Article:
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Q & A with Lucy Liu

The accomplished actress and artist tells us about her new TV series, "Elementary," her new movie, "The Man with the Iron Fists," plus how she stays healthy.


OK, let's talk Elementary, which is a modern take on the famous duo of Dr. Watson and Sherlock Holmes, with you playing the famous sidekick. How is this character different from fiction's original?

The original was a man, obviously. In fiction Watson narrates the entire story; you see everything through his eyes. In this one you see the two of them interacting. Sherlock leads because he's the detective. And you get to see how their relationship develops, through both sides. Both characters have quite a bit of edge.

Your Watson is a former (and now disgraced) surgeon. Did you do any research to portray a doctor?

I have a lot of friends who are doctors -- but I'm not going to go out and perform surgery any time soon! But I do have lots of friends that I call with questions.

What's it like working with the dazzling Johnny Lee Miller? He performs verbal gymnastics in the pilot.

He does! And he'll continue to. He's wonderful; I love working with him. He's very focused, he's fun to be around, and he always comes prepared -- a dream to work with.

As detectives, you and Sherlock rely on the five senses -- sight, sound, touch, scent and taste -- to decipher clues. Of these five, which do you value most in real life, and would never want to lose? Why?

That's a tough one. I need my sight. It connects me to everything. Visually, as an artist, if I had to choose one out of all of them I'd have to say sight. 

You received critical nods for your guest arc on TNT's cop drama Southland last season. With so many projects in the hopper now, do you have any plans to reprise the role?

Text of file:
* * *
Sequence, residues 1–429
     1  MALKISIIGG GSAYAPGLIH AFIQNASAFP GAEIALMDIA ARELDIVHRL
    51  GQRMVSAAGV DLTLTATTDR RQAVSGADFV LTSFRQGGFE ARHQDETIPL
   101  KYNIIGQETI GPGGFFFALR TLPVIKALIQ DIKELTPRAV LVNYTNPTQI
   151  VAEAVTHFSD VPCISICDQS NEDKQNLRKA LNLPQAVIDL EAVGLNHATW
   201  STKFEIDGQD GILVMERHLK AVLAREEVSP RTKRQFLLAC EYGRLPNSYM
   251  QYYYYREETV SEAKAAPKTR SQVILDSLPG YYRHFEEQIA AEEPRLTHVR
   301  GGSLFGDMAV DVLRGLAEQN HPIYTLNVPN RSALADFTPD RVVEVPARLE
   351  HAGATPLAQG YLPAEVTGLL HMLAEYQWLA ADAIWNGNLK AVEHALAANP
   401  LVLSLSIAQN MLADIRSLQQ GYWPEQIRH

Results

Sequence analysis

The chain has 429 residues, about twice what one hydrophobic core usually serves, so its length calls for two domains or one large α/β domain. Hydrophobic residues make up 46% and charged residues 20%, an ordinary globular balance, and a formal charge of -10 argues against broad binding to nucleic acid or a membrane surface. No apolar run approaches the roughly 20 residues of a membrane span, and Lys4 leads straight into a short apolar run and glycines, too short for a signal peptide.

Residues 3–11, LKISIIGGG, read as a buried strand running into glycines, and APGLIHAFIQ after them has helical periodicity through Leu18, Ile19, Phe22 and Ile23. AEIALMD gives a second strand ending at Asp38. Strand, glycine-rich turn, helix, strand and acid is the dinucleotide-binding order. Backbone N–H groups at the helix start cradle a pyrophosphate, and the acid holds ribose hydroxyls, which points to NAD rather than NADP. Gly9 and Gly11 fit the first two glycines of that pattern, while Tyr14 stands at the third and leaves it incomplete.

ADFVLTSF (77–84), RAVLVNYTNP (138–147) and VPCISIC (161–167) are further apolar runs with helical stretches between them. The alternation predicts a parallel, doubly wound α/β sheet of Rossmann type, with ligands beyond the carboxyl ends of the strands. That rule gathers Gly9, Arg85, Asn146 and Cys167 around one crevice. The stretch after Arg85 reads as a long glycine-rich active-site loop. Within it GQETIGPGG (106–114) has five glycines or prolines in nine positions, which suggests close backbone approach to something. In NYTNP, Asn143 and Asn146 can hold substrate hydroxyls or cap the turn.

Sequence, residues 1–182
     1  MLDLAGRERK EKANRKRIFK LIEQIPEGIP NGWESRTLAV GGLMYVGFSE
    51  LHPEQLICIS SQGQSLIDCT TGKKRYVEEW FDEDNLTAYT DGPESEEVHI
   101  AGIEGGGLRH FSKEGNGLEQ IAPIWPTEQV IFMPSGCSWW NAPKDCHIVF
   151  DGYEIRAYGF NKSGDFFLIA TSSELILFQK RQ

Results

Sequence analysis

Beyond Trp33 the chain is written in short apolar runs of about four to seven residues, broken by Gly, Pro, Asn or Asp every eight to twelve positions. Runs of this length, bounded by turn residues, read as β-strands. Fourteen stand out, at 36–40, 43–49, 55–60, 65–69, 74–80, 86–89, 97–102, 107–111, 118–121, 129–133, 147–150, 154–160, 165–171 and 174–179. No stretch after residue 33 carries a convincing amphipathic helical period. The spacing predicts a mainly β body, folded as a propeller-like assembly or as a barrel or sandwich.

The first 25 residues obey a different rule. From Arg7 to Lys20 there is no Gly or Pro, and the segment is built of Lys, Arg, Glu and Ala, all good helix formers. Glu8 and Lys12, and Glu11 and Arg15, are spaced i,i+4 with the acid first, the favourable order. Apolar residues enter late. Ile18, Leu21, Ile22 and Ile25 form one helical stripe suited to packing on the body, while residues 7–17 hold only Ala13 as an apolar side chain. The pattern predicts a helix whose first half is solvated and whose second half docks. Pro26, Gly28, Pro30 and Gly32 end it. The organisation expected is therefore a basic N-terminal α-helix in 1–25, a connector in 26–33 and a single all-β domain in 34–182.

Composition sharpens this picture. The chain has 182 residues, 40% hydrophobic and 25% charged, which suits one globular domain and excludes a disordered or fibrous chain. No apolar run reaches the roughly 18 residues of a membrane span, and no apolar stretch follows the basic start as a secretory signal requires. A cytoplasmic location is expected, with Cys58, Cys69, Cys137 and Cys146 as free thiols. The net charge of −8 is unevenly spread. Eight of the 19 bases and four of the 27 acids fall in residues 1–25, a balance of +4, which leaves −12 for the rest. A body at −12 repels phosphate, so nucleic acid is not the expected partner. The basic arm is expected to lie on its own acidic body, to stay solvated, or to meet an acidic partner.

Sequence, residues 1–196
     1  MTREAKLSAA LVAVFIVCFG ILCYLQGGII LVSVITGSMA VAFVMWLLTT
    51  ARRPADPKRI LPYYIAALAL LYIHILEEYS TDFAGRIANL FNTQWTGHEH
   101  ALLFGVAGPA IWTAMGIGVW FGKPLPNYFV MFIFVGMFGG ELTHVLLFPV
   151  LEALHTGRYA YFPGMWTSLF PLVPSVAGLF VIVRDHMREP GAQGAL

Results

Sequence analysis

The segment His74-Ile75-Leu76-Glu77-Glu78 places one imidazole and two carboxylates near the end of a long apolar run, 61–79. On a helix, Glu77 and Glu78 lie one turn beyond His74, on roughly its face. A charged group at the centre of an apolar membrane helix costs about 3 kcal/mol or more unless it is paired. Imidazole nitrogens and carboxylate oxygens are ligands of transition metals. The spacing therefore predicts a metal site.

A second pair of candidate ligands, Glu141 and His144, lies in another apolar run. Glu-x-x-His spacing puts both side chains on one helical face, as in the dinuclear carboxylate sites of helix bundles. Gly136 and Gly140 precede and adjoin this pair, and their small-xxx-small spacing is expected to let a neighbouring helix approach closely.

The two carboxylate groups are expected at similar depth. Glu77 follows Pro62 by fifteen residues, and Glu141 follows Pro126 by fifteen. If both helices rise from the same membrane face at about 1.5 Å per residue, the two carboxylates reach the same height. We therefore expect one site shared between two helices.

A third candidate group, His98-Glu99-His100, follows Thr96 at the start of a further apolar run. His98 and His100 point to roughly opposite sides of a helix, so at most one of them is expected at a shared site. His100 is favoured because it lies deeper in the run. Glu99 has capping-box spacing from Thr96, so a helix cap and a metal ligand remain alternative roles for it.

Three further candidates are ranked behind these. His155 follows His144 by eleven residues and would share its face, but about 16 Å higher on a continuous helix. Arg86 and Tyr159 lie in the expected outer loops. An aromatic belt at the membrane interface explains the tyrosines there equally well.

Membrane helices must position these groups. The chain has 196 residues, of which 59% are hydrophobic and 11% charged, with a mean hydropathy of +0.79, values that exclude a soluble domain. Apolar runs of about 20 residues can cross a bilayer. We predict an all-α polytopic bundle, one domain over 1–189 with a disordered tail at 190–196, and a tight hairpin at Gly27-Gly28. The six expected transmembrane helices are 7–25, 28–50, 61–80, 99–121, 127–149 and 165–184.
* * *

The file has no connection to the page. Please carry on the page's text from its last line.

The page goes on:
I was on Southland for one season, but I don't know if I'll be going back. [My character] Jessica Tang may have done the last of her running around with her partner! It's a very different show than the one I'm working on now. If I could do both, I would.

You joined UNICEF in 2004 as a celebrity ambassador. Tell us about your work with this organization.

I started in a general way; I focused on malnutrition and education. Then I worked on two documentaries [Liu narrated both Redlight and Traffic] about sex trafficking, which is an incredibly important topic. It's been around for so, so long but people are finally becoming more aware of it. It even happens here in the United States, at places like truck stops. People don't know the vulnerability of girls and children. In developing countries it's even more [prevalent] because families think their children will have a better life, that they'll get an education. But what happens is these children wind up being sold and becoming child sex slaves, as young as age 4 or 5; it's appalling. UNICEF does an incredible job. They have programs on the ground all over, all the time.

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